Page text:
(Bloomberg) -- German unemployment increased as Europe’s largest economy braces for a recession driven by surging energy costs.
Joblessness rose by 17,000 in November, more than economists had estimated, data Wednesday showed. That pushed the unemployment rate up to 5.6% from 5.5%.
“Overall, the labor market is stable,” Daniel Terzenbach, who’s in charge of regions at the Federal Labor Agency, said in a statement. “Seasonally adjusted unemployment and underemployment have risen once more and short-time work is increasing again, but employment is growing significantly.”
Germany’s labor market has remained resilient despite the war in Ukraine and the fastest inflation in decades. A rising number of companies are even short on staff and unions have been able to secure stronger wage deals.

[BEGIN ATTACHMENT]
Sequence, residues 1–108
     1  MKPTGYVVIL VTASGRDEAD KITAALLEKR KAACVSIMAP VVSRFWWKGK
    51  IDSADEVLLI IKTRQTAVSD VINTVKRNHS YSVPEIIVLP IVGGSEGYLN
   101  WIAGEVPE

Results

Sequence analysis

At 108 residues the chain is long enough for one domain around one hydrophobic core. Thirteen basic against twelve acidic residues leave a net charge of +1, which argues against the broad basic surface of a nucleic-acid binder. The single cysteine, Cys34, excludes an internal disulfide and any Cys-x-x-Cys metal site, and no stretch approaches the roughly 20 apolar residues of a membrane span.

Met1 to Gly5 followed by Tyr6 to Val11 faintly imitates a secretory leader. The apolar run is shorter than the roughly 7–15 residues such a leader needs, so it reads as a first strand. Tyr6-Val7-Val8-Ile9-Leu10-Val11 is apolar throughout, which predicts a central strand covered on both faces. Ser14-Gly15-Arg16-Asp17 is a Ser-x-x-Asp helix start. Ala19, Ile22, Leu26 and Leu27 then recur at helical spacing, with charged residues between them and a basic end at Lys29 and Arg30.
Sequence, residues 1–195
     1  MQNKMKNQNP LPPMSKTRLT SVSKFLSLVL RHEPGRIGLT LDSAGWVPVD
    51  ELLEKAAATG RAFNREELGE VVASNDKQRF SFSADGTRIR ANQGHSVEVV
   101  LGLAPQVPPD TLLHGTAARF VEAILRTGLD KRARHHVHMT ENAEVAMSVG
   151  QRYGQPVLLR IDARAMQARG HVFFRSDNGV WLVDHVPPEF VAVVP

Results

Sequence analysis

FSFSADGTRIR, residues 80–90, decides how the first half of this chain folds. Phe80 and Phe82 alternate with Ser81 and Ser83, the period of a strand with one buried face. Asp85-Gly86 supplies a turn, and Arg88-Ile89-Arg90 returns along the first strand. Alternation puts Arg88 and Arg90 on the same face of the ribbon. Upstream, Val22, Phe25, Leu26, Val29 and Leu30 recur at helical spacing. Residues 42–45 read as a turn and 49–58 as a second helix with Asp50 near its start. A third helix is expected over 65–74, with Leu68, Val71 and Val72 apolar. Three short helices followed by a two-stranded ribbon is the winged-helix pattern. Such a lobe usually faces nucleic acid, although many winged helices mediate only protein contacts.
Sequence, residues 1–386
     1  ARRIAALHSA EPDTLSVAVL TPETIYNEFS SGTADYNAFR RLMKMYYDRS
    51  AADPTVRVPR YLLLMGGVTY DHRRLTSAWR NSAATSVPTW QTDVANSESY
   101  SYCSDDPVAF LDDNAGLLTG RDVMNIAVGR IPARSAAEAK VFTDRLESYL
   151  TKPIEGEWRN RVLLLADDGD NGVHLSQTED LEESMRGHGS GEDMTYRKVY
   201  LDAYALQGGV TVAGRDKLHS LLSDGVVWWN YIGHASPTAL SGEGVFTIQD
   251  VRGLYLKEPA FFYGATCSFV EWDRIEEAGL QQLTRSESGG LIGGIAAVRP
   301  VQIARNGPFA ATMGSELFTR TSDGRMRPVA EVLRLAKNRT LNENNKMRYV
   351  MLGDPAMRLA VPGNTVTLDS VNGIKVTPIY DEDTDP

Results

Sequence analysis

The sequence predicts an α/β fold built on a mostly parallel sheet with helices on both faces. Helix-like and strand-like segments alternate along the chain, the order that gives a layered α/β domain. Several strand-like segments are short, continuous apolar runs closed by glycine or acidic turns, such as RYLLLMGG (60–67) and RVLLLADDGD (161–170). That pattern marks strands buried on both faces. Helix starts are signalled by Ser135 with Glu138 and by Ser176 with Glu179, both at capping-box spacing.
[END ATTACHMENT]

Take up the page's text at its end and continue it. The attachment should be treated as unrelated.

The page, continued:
Surveys of purchasing managers this month showed employment increasing even as data pointed to shrinking economic activity. A rise in joblessness in recent months was caused in large part by the inclusion of Ukrainian refugees in the statistics.
The German economy is being hit harder than most in the euro area by the halt in Russian natural gas shipments. With commodity costs surging and weighing on demand, it’s widely expected to fall into recession before rebounding in the spring.
--With assistance from Kristian Siedenburg and Harumi Ichikura.
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